Take a walk around the Caltech campus on any given day—save perhaps Ditch Day or commencement—and it is unlikely to reveal itself as a noisy place. However, step into any number of labs, and you can hear the sounds of science at work, from buzzing brain scanning technology to music-like signals from space, and many whirls, bleeps, and booms in between. It is impossible for us to embed all of those sounds into these pages, but here are just a few sounds and descriptions we could gather from a sampling of Caltech researchers…
“It sounds kind of like a cross between a car alarm and an angry squirrel, with some drums in the background.”
Ralph Adolphs, Bren Professor of Psychology and Neuroscience and professor of biology, describes the sound of the pulse sequence used for functional imaging of the human brain at Caltech’s Brain Imaging Center.
“We listen for changes in the separation of mirrors over the 4-kilometer length of each laser-interferometric detector. But thermal energy in the 0.4 millimeter diameter glass strings that hold up 40-kilogram mirrors also causes ringing sounds that we call ‘violin modes.’ And a hiss comes from the quantum nature of the light: fluctuations in the nothingness of empty space that interfere with our pure laser beam.”
Rana Adhikari, professor of physics, talks about noises from the Laser Interferometer Gravitational-Wave Observatory (LIGO) detectors. The aim of LIGO is to measure the stretching and squeezing of space-time. Scientists listen to the detector outputs—which are sometimes disturbed by things from the earth, such as earthquakes or traffic—using headphones.
“The tsunami causes the ionized gas that is out there to resonate — ‘sing’ or vibrate like a bell.”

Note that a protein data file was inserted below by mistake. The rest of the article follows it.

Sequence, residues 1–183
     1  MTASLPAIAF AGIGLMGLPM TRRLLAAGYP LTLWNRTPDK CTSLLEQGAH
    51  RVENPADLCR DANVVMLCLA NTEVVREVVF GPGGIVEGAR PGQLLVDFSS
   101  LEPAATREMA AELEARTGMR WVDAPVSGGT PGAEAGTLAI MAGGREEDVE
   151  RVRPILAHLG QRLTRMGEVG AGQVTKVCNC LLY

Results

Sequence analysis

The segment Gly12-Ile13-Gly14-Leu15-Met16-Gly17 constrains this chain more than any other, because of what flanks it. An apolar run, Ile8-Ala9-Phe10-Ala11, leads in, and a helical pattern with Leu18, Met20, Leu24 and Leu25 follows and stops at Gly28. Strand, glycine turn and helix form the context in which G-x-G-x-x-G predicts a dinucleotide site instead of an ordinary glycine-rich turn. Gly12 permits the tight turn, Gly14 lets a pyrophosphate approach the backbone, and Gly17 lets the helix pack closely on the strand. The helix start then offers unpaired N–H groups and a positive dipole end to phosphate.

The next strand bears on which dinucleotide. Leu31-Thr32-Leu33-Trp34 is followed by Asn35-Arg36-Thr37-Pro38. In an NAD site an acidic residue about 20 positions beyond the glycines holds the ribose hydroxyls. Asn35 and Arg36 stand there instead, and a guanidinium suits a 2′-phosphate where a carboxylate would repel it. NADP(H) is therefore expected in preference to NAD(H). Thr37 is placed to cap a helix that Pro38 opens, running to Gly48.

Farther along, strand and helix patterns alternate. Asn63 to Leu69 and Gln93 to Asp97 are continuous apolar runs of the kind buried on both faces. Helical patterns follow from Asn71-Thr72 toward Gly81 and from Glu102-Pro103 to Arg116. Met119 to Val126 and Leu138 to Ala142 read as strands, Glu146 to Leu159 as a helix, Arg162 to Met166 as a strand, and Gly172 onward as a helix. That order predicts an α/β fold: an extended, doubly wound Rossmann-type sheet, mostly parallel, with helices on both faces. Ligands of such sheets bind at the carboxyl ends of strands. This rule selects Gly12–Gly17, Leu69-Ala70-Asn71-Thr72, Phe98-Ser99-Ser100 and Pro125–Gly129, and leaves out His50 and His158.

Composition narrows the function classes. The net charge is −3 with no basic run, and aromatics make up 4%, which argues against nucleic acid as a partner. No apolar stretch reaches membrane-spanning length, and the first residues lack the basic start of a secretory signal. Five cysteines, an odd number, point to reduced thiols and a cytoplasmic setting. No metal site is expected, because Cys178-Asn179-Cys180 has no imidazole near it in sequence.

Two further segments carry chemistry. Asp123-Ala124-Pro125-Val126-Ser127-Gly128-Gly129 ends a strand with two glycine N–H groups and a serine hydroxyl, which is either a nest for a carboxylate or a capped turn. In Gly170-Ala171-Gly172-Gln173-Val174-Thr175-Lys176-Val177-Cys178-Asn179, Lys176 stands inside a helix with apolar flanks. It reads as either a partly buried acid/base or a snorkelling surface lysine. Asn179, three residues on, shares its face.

Edward C. Stone, the David Morrisroe Professor of Physics, characterizes the sounds of “tsunami waves” that helped signal Voyager I’s entrance into interstellar space. These waves of pressure are caused by coronal mass ejections from the sun. Stone is the project scientist for the Voyager mission based at Caltech.
“Experiments in T5, one of the GALCIT Hypersonics Group facilities, begin with a siren… to alert the building. Sometimes it’s mistaken for an earthquake warning. A few seconds later the tunnel fires, accelerating gas to the velocities required to simulate planetary entry flows. The gun shot-like sound and vibrations can be heard and felt through the building.”
Joanna Austin, professor of aerospace, uses pistons and explosives in large test tunnels to compress gases. She studies the mechanics involved in compressible flows, which come into play in problems ranging from the logistics of a spacecraft’s entry into a planet’s atmosphere to the hows and whys of volcanic eruptions.
“My research literally includes the sound of waves crashing on the beach, the bubbling of a brook, and the crackling of glacial ice disintegrating as it flows into the ocean.”
Victor Tsai, assistant professor of geophysics, studies the seismic noise of ocean waves and rivers as well as glacier mechanics.